Boeing Dissolves ATC Division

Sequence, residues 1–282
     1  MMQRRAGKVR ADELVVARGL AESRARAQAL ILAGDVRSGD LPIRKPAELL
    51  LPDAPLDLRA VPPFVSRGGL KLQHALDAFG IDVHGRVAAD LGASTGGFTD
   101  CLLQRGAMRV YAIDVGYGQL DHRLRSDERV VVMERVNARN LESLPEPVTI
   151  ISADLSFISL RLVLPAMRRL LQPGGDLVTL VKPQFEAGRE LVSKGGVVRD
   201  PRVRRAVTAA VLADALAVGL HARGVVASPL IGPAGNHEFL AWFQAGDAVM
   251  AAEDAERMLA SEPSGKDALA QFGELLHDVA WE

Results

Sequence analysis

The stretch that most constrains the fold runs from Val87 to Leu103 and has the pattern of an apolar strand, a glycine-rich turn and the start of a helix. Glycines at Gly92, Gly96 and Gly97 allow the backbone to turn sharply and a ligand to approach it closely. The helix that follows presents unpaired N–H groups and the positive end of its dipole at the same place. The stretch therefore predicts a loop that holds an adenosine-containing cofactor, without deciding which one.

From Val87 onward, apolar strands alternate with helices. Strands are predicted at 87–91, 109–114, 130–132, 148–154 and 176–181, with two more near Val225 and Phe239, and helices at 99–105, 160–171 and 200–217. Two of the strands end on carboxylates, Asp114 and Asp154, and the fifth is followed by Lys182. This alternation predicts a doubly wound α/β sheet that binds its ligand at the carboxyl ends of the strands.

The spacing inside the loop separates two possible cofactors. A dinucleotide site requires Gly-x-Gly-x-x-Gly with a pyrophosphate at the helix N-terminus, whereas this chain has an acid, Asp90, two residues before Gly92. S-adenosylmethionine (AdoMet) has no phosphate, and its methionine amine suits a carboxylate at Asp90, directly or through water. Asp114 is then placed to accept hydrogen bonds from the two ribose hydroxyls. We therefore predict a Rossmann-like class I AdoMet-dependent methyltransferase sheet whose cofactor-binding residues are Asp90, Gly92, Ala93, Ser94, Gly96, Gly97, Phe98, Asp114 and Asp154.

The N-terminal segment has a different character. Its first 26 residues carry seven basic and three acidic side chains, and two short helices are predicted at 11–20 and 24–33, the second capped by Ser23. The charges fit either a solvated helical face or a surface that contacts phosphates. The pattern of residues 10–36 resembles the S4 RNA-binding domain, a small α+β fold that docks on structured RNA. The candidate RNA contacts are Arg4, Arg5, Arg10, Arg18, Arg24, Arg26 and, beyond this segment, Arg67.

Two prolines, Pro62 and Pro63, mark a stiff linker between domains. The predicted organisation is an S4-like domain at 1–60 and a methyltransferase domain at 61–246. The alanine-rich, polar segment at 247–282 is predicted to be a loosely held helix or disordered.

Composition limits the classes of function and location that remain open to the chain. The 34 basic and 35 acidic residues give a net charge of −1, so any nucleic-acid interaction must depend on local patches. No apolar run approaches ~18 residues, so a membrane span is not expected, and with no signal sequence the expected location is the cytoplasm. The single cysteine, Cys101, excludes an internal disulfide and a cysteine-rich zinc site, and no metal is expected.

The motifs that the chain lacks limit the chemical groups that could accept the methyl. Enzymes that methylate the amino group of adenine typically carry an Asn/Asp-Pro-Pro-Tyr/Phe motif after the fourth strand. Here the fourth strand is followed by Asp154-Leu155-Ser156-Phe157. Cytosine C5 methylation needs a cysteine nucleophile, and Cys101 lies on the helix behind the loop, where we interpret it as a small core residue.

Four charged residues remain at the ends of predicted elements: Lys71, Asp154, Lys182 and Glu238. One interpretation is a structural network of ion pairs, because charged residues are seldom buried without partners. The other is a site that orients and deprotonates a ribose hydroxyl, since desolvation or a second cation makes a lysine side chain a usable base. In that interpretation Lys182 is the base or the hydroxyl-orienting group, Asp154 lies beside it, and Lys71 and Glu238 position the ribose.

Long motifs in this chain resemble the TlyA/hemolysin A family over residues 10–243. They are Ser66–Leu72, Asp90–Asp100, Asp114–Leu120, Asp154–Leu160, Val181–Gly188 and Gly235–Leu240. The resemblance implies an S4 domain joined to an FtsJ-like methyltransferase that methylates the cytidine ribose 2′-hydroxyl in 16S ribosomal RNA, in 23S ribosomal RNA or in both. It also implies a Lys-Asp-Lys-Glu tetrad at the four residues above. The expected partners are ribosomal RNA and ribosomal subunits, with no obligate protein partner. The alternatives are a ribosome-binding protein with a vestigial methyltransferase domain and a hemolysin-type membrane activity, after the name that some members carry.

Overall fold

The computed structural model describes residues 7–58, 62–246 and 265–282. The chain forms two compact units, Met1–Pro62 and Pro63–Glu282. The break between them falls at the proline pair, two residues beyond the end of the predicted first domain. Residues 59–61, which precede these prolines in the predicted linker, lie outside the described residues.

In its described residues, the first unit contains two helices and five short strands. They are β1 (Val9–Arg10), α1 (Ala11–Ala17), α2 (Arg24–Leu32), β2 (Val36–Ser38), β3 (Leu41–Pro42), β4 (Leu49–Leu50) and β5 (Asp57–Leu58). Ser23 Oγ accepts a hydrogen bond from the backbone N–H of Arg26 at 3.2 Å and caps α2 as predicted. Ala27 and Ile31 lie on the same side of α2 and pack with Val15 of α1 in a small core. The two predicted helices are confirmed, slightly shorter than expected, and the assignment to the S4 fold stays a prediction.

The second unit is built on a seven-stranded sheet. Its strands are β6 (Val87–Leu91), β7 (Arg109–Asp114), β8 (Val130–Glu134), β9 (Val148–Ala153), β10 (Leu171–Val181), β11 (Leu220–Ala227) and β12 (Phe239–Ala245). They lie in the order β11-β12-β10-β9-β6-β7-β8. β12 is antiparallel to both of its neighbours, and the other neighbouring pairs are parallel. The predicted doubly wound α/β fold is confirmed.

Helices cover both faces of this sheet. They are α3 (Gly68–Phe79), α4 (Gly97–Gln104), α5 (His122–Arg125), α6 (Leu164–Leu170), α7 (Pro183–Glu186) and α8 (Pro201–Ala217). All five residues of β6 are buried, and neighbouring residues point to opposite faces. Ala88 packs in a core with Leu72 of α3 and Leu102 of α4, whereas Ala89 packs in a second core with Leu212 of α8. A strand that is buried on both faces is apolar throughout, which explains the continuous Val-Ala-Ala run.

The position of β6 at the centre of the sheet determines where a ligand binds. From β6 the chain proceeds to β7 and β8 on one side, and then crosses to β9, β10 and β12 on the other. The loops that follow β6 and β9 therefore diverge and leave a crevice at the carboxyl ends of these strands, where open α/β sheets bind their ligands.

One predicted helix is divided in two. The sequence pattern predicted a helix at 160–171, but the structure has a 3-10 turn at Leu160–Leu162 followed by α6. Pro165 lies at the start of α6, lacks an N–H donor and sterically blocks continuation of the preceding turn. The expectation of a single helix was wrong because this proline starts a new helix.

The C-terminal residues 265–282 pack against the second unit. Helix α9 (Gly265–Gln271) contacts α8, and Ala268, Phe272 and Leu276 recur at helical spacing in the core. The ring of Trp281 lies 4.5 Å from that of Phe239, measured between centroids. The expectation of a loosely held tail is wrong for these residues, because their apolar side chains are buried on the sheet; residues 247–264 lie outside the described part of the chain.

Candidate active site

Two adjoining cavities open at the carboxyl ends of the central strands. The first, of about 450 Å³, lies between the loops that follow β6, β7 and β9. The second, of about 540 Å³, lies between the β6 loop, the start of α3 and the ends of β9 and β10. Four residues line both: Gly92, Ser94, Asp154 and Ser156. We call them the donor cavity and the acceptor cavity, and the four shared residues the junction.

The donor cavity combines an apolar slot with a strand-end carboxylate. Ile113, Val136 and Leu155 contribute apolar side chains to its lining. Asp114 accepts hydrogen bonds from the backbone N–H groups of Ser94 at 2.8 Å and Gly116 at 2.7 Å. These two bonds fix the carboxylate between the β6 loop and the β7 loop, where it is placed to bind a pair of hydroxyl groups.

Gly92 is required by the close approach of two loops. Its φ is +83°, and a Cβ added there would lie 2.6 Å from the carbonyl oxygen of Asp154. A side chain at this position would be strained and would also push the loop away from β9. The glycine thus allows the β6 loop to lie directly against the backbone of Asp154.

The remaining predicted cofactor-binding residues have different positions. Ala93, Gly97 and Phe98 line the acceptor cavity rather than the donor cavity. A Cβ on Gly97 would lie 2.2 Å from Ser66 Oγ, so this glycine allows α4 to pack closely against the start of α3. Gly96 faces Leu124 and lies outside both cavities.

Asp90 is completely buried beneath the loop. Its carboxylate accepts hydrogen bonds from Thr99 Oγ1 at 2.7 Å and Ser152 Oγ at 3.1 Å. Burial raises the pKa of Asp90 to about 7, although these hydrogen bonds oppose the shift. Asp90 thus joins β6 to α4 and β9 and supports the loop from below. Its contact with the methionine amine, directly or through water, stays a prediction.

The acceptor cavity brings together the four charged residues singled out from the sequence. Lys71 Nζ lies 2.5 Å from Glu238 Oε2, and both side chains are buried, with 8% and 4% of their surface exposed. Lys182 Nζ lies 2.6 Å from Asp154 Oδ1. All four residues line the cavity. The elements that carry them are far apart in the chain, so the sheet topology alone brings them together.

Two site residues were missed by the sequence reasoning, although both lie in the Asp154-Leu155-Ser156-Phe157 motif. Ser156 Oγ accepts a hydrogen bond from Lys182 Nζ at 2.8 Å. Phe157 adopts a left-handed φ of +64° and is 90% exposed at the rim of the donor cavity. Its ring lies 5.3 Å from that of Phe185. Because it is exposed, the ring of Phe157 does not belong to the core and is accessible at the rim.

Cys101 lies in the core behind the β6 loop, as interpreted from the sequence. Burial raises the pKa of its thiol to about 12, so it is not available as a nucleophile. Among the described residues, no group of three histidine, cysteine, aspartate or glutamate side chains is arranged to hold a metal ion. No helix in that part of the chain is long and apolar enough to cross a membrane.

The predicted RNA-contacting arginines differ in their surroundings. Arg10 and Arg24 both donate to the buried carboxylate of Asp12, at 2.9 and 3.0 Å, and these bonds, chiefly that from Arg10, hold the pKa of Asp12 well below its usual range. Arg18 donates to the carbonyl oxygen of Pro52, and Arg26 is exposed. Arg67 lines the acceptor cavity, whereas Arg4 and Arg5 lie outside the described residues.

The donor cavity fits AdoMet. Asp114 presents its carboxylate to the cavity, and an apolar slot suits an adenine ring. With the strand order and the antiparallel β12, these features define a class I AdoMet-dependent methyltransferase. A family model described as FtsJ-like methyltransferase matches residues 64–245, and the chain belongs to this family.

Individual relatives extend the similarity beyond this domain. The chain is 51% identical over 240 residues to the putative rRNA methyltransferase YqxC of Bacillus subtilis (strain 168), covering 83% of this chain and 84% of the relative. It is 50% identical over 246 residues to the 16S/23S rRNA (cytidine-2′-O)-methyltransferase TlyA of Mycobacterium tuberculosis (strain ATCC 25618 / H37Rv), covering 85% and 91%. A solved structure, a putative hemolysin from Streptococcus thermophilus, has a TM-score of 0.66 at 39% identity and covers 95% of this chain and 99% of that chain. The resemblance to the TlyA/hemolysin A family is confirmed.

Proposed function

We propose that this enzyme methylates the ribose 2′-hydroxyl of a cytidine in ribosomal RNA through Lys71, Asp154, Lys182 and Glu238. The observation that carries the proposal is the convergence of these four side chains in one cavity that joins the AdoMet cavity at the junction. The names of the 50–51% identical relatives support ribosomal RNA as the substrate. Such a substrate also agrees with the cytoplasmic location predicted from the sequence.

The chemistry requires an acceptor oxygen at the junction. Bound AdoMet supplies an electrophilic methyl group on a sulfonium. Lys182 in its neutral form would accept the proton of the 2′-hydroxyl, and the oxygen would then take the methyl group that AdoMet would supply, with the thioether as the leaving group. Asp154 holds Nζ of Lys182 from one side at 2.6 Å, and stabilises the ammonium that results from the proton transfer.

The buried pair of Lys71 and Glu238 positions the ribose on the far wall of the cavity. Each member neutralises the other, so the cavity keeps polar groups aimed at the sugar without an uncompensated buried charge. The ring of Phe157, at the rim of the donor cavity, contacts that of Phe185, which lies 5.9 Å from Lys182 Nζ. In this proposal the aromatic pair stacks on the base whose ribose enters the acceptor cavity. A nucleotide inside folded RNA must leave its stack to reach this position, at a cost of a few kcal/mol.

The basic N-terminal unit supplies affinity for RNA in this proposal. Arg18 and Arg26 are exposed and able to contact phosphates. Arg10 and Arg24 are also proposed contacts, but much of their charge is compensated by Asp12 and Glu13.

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Boeing is scaling back its bid to revolutionize the world's air traffic control system because the existing setup seems to be working just fine ... for now. The Chicago-based firm announced Thursday that it was dissolving its Air Traffic Management division, likely because it didn't have any customers for the satellite-based, computer data link-dependent system. The air traffic division was hatched in the halcyon days of 2000 when airline traffic was growing so fast that the control system seemed on the verge of collapse in some areas. Since 9/11, interest has evaporated in the system as more conventional technological solutions, and the outright intervention by government to reduce congestion by decree, as happened in Chicago two months ago with the forced reduction of flights to O'Hare, seem to be favored. Boeing insists the project isn't dead, it's just been moved to the Phantom Works where the research will continue but at a less urgent level. Boeing CEO Harry Stonecipher said aviation regulators will eventually have to face the fact that the existing system won't be able to handle future loads. "When governments are ready to build an advanced air traffic management system, we will be ready to respond quickly," Stonecipher said in a statement. Other Boeing sidelines, like a plan to beam digital movies to theaters, have also been turfed, but one high-tech spinoff remains in operation. Connexion, which will offer broadband wireless Internet service on airliners, already has customers lined up for a launch next year.